Wellington • Since Nov 2006 • 1039 posts Report Reply

  • Paul Rowe,

    Troglodytic Scions of the Squatocracy

    Great name for a band!

    Lake Roxburgh, Central Ot… • Since Nov 2006 • 557 posts Report Reply

  • Tom Semmens,

    It is only now, after reading your post, that I've realised my roughly contemporary schooling was comparatively blessed. I went to a small Catholic boys school in the provinces, and we had some quite old fashioned things going on even for the times - an echo of fagging still existed, caps were still available, and blazers were the norm. We also wore shorts 365 days a year in the junior school, but we were boys in the bloom of youth and young men at that age are made of stern stuff, I don't remember the cold being anything other than just part of life.

    The senior school was given powers of discipline over the juniors which would be mind boggling to today's infantilising world, prefects were the school police force with none of the deeply disillusioning and cynical nonsense of rigged student "elections" for the role - you were appointed by the rector to the position of prefect, and your job was enforce the school's values and culture. We had bullying, but it wasn't that bad and we also had a sense of otherness which bound us together against the outside world. Certainly, the powers given to seniors was in most instances a maturing experience for the young men involved. I remember one priest suddenly stopping our class and urgently gesturing us to the window, where he pointed to a couple of state school boys wandering down the road, with rounded and stooped shoulders, socks down and hands thrust in pockets. After some seconds of puzzled looking on, he said in a deeply disappointed tone "Boys, bad posture, bad posture". For some reason, we sat a little straighter after that - no one wanted to be a slummy state schoolboy.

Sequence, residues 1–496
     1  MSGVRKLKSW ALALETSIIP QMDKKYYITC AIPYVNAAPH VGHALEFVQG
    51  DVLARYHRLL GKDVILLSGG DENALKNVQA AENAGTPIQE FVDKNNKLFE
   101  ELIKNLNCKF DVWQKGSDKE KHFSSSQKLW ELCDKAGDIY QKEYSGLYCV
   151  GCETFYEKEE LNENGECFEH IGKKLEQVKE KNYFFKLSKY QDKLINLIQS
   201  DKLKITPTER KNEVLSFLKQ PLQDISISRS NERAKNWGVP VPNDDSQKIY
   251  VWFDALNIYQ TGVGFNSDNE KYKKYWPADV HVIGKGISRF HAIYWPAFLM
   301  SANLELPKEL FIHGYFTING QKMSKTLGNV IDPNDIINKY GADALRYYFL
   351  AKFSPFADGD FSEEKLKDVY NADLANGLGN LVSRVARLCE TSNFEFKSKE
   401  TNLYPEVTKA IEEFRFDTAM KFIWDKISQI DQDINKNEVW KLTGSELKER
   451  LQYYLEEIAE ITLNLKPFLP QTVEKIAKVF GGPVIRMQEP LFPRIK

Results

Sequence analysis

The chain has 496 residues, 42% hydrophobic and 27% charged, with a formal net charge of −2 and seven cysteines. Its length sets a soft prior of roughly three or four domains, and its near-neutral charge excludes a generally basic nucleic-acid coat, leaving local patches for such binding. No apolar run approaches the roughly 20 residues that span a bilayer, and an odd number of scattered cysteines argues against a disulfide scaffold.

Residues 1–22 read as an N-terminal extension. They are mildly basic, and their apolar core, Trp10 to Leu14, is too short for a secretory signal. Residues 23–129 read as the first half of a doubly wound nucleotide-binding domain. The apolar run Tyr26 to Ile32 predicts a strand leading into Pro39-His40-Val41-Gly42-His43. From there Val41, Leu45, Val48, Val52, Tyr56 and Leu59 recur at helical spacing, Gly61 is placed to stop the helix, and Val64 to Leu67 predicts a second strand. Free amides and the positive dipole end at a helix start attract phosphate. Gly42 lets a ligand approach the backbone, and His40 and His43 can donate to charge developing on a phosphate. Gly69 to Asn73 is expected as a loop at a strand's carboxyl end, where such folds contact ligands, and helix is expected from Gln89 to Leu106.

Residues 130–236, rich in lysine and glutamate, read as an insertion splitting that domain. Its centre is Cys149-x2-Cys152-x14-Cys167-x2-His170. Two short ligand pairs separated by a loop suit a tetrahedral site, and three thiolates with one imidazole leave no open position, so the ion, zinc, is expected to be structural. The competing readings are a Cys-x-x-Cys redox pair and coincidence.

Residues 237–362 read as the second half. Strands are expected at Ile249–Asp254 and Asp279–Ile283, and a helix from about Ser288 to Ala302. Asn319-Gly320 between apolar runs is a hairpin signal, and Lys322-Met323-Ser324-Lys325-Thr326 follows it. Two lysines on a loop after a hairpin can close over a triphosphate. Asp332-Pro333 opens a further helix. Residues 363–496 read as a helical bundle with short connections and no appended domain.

Of course, we had a barely sane "discipline master" who seemed to relish thrashing schoolboys. Of course, we had a priest who it later turns out was also a kiddie fiddler when he was at St. Pat's in Wellington. Of course, I had the obligatory teacher who resented the fact I could take it easy in cruise mode and then get straight A's at exam time, and clashed with my ferociously protective mum when he had the temerity to mention this view at a parent teacher meeting. Unbelievably, when I went back to my old school on the one occasion I have done in the past 25 years, he still resented me. But all in all, it was school where the teaching staff were fantastic, and the religious teachers in my experience to a man had dedicated their lives to the vocation of raising fine young men with strong Christian values. My Latin teacher was a genius educator, whose main technique for teaching Latin was to conduct the entire class in sotto voce on the grounds that if you had to be quiet and concentrate to hear him, all the better. It may have been the times, but they seemed almost as happy if you just turned out to be an atheist with a strong streak of liberation theology in a well-developed social conscience. The education on offer (necessarily because Catholic school's were broke back then and couldn't afford flash equipment) was strong on languages, history, and geography. It was an excellent, liberal arts classical education for us blessed in the "A" stream, and it has stood me in good stead all my life. I came away from school a somewhat sheltered, idealistic and naive boy, already politically aware and active, who had been confidently trained to believe his role in life was to go off and rule the Indians or, since regrettably India was no longer part of the empire, exercise command over those unfortunate enough to be churned out of the great, grey state school factories.